Thursday, September 9, 2010

Film Review: The Hollow (2004)

In preparing for the Halloween season I set off to discover some horror flicks I hadn’t seen that featured or were set during my favorite holiday season. This is how I stumbled across The Hollow, a 2004 straight-to-video flick that stars Backstreet Boy-bander Nick Carter. OK Hollow, that’s already one strike against you, so I hope you can redeem yourself from that unfortunate casting decision!

This teen slasher is based on the classic Washington Irving tale, The Legend of Sleepy Hollow. In the film, high schooler Ian Cranston (Kevin Zegers) is new to the town of Sleepy Hollow. He arrives in town around Halloween and quickly joins into the town festivities. The town holds the Headless Horseman legend pretty dear to its heart, so there are plenty of Halloween festivities to celebrate Irving’s creation. To some, however, the legend is all too real…and soon enough, heads start to roll. It turns out that Ian is a descendant of Ichabod Crane and is the only one who can stop the Headless Horseman’s return to Sleepy Hollow.

You know, I was pleasantly surprised at how entertaining The Hollow actually was. It will certainly never win an Oscar and its mostly a forgotten flick, but I’m glad I gave it a looksie. I’m a sucker for anything involving The Legend of Sleepy Hollow, so I think that plus the festive setting of Halloween really sold the film for me.

Yes, it’s a pretty linear story and the few subplots don’t really work (one involving Ian butting heads with his football coach dad, played by none other than Judge Reinhold; another involving Ian hooking up with the lead cheerleader and her boyfriend, played by Nick Carter, getting steamed), but I enjoyed the main story of the Headless Horseman and Ian’s ancestral link to Ichabod Crane (revealed to him by none other than Stacy Keach, really selling his role as the grungy cemetery caretaker). The story certainly isn’t complex, but nonetheless I enjoyed it.

However, there are several negatives to this flick I feel I must address. First of all, I enjoyed how the film was set during Halloween and had people dressed and costume and decorations, but I really felt MORE should have been done to capture the feel of Halloween. The visuals just needed more pumpkins, more orange and black and more decorations! Especially since the town took the holiday so seriously! Secondly, the pacing is a bit slow and the Headless Horseman doesn’t make an appearance until half-way through the flick. And when he does appear he has a silly pumpkin for a head that’s just laughable! I wish they would have kept him a bit more in the shadows and hidden the hideous (not in a good way) costume. Third, WTF is Nick Carter doing acting?! His “white boy trying to do gangsta” persona is just annoying and embarrassing. Really, who in their right mind would cast him? I understand if he had his head lopped off early, but unfortunately he is in the film ’til the bitter end…and we are never treated to his death!! WTF is up with that? He was supposed to be like Paris Hilton in House of Wax...the whole point in watching was to see him meet a gory end, but that’s just not in the cards in The Hollow. Speaking of gore, the film really has none. The heads that the Headless Horseman collects look fake, though the decapitation scenes (usually shown from afar) look pretty good. There’s not that much bloodshed here, but overall this didn’t detract too much from my enjoyment of the film.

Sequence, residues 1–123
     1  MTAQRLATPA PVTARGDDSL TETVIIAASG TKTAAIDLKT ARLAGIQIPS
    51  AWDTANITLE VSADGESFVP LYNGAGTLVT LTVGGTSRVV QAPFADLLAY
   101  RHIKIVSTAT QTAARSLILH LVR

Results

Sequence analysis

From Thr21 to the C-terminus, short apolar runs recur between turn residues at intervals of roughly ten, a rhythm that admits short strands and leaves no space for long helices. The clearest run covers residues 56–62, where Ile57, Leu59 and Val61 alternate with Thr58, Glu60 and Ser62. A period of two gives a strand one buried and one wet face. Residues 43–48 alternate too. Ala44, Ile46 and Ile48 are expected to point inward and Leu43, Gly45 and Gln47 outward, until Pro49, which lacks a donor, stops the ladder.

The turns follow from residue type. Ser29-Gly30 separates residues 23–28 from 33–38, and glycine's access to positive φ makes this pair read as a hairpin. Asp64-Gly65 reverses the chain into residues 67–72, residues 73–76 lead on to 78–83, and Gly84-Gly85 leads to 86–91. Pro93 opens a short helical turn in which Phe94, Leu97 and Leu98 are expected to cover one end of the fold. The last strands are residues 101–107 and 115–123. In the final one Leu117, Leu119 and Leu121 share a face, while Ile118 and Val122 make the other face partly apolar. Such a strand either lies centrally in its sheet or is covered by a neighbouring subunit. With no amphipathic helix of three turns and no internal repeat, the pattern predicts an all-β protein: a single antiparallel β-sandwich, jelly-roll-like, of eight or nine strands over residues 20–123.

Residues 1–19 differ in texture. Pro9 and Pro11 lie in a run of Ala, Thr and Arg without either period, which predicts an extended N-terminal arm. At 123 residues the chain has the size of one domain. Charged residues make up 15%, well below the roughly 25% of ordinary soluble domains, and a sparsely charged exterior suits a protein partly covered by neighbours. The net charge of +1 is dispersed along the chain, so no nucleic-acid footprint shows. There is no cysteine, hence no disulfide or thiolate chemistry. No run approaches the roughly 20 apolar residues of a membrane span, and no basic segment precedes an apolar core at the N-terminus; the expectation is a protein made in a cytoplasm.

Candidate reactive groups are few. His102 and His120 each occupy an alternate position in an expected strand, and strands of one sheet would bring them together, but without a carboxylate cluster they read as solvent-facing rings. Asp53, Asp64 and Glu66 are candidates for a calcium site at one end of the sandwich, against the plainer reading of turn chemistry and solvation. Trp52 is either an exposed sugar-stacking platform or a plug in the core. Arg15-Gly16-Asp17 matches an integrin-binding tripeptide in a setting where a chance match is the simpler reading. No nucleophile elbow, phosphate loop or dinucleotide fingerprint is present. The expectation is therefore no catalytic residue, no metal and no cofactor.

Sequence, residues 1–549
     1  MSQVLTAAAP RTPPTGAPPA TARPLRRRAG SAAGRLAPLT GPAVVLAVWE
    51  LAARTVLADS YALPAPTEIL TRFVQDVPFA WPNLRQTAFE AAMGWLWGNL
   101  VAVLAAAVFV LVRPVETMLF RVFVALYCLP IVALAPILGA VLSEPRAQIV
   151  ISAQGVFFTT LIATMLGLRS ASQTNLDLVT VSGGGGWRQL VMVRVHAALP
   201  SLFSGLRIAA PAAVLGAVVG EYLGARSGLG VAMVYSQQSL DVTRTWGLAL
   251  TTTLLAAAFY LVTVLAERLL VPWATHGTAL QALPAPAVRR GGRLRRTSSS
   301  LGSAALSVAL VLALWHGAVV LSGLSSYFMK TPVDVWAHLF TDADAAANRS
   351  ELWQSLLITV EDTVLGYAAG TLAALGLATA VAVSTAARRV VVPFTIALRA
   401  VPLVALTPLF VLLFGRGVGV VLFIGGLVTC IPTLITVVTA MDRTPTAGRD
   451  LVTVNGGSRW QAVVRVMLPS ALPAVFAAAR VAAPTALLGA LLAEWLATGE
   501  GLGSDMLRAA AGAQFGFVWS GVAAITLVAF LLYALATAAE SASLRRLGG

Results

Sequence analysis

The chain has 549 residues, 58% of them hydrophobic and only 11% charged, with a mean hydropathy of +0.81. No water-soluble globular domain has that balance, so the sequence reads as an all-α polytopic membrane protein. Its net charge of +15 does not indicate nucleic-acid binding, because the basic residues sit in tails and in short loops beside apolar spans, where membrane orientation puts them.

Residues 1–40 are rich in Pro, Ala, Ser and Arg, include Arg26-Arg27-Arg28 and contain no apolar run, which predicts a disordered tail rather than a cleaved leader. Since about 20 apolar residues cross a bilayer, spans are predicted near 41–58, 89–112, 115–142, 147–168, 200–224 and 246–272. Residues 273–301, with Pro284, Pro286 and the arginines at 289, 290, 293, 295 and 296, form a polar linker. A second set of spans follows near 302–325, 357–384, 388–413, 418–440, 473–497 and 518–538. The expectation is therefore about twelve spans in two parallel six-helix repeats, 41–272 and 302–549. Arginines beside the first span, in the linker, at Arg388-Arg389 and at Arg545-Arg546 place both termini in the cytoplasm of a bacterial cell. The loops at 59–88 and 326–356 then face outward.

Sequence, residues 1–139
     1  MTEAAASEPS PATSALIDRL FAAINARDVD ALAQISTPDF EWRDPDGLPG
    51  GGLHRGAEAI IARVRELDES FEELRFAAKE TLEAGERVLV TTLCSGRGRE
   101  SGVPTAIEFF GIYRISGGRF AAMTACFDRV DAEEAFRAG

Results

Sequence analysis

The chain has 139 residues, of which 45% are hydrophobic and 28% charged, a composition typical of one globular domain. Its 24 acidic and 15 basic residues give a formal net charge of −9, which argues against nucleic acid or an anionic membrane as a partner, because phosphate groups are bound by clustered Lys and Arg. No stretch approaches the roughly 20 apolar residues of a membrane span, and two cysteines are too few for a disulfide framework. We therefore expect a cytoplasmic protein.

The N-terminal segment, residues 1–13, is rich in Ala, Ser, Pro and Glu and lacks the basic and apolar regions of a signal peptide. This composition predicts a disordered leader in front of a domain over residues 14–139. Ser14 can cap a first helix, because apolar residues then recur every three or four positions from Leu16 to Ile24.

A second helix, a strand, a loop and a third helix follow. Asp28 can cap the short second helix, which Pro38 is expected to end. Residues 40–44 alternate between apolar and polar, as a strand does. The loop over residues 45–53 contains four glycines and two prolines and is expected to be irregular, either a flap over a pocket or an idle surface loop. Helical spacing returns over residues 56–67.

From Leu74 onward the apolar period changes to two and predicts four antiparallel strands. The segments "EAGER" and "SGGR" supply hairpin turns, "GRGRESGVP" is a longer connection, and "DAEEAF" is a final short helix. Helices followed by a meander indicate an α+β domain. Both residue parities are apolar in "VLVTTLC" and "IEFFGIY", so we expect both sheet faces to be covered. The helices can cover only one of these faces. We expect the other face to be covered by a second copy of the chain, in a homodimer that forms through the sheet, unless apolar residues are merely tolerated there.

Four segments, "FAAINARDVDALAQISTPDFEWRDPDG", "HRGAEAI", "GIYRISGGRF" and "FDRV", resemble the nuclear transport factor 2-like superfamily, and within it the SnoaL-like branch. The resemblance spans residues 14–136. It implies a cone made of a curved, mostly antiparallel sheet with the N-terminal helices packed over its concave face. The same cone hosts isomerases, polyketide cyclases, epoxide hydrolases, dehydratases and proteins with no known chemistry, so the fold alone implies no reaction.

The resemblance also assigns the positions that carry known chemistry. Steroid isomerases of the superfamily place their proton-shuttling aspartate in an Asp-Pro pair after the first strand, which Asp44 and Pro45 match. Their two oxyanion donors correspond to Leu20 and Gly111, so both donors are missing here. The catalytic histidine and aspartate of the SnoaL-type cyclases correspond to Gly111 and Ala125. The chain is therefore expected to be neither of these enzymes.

The Hollow definitely has its problems, but despite these I found the flick to be an enjoyable (though not entirely memorable) time-waster. If you are looking for a mindless flick to get into the Halloween mood but have worn out your Halloween and Trick ‘r Treat DVDs, The Hollow isn’t a terrible choice.


  1. It wasn't a "straight to video" movie. It was made for TV--ABC Family channel I believe and played during their 12 Nights of Halloween series for a couple of years. Only after that was it released to video.

    Good movie? No. Nice concept, but the lack of money put into the movie shows. Even the veteran actors stank-Stacy Keach, and the guy that plays the father were dreadful. Eileen Brennen at least can blame being poststroke for her lack of "stage" presence. Honestly, Nick Carter was about the best performer there--that should say it all.

  2. Hmmm I didn't know it was a made-for-TV movie but I guess that explains all the weird edits.

    This wasn't a "good" movie, but for some reason I still enjoyed it. I thought Keach was pretty hilarious but really couldn't stand Carter's "white-boy-gangsta" routine.

    I expected A LOT worse, so despite its low budget and annoying actors, I actually had a lot of fun with this flick.


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